Infant and Maternal Measures For accuracy, neonatal and maternal heart rates, oxygen saturation levels, and respiratory rates will be recorded continuously and documented every 2 minutes during all sessions. A 7-point scale to assess infants' behavioral state (deep sleep, light sleep, drowsy, quiet awake or alert, actively awake and aroused highly aroused, upset, or crying, and prolonged respiratory pause > 8 seconds) and a self-report questionnaire comprising 20 descriptive statements for measuring maternal anxiety symptoms (state-trait anxiety inventory [STAI] scale will be used at the beginning and the end of each intervention. Higher scores indicate greater anxiety, with a possible score of 20 to 80 points. Additional maternal measures will be age, ethnicity (Arab/Jews), education (8 years, elementary school; 8-12 years, high school; and >13 years, college/university degree), and affinity for music (a 5-point scale: 1, 2, 3, 4, and 5 hours, measuring the length of time spent a day listening to music).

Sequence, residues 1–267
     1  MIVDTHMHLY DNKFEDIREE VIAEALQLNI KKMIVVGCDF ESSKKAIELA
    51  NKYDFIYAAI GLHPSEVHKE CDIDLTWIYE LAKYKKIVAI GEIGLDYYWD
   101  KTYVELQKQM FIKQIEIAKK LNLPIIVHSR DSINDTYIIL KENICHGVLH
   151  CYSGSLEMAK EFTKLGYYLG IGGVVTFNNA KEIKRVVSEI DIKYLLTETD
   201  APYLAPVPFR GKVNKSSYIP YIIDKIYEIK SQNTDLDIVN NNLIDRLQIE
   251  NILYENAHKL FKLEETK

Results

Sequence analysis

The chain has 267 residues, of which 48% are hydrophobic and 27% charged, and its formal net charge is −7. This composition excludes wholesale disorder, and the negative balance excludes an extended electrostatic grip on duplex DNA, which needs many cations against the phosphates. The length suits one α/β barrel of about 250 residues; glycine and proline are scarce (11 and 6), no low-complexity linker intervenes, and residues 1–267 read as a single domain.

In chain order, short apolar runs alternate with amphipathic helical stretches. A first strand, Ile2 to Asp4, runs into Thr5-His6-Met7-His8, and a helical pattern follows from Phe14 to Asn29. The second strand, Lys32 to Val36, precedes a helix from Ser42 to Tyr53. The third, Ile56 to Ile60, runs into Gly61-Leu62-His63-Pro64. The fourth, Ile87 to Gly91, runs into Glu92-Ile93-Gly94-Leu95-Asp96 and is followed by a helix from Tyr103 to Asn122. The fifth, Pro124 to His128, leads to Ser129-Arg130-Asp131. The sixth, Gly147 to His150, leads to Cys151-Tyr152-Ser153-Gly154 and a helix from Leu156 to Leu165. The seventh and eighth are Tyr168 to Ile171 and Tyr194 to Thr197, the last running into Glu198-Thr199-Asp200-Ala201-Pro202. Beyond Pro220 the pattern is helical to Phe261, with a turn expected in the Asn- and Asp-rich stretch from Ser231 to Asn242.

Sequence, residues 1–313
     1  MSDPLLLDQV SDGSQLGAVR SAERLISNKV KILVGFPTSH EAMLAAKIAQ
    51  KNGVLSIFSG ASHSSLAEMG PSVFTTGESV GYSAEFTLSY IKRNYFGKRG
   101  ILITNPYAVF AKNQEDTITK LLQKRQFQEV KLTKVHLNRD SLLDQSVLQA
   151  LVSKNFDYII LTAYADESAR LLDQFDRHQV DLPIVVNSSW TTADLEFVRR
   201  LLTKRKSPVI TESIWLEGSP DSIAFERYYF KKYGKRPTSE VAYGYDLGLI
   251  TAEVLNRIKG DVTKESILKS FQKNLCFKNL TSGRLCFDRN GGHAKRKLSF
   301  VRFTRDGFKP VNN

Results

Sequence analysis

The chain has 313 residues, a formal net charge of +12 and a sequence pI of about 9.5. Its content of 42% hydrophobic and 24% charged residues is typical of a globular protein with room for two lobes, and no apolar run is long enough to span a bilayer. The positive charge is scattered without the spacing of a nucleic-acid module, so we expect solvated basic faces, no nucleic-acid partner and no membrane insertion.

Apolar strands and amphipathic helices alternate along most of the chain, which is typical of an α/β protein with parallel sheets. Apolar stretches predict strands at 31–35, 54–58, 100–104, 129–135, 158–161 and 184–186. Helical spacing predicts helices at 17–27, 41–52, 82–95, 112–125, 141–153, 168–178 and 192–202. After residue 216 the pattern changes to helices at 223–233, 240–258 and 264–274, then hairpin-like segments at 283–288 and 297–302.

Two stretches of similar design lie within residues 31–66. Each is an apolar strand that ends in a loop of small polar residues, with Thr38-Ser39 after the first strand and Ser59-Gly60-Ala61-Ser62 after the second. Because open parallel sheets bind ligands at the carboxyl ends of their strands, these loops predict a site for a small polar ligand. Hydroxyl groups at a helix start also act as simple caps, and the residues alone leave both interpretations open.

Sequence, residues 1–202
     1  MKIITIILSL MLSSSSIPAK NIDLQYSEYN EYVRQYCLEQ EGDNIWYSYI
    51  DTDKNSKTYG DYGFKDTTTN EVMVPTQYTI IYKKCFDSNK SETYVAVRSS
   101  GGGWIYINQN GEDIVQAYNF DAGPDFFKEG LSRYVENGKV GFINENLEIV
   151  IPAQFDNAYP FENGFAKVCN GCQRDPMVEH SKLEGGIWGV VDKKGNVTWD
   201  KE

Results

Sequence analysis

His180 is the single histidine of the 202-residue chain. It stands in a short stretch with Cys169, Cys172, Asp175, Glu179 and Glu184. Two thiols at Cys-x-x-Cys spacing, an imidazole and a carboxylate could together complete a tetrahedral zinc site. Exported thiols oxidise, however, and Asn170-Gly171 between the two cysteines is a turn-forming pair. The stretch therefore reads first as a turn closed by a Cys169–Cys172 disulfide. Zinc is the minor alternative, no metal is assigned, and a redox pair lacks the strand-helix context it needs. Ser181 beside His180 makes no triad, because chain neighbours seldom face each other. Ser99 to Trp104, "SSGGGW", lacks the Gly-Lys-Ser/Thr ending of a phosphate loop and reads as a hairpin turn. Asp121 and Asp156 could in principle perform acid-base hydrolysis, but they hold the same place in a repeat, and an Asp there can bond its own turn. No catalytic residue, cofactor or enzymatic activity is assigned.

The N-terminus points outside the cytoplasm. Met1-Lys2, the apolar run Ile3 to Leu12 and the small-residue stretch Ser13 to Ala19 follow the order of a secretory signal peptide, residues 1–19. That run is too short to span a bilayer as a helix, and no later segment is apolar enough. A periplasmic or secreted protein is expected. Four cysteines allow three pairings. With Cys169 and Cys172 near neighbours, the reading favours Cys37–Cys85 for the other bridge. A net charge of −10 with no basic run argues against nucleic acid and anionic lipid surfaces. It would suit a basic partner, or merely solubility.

Data will be recorded by a single physician who will remain at the bedside throughout each session. Data will be analyzed in a blinded fashion another researcher who will be unaware of treatment allocations.

Power Analysis:

To achieve a power of 0.8 at α = 0.05 and one-tailed with a medium effect size of 0.610 and a medium correlation (r = 0.50) among two repeated measures using the F-test, a sample size of 30 mother-infant dyads will be needed.

  Eligibility

Ages Eligible for Study:   up to 6 Months
Genders Eligible for Study:   Both
Accepts Healthy Volunteers:   No
Criteria

Inclusion criteria clinically stable infants

  • postmenstrual age <37 weeks
  • normal hearing confirmed by measurement of distortion product otoacoustic emission (DPOAE).

Exclusion criteria

  • observed hyperresponsiveness to live music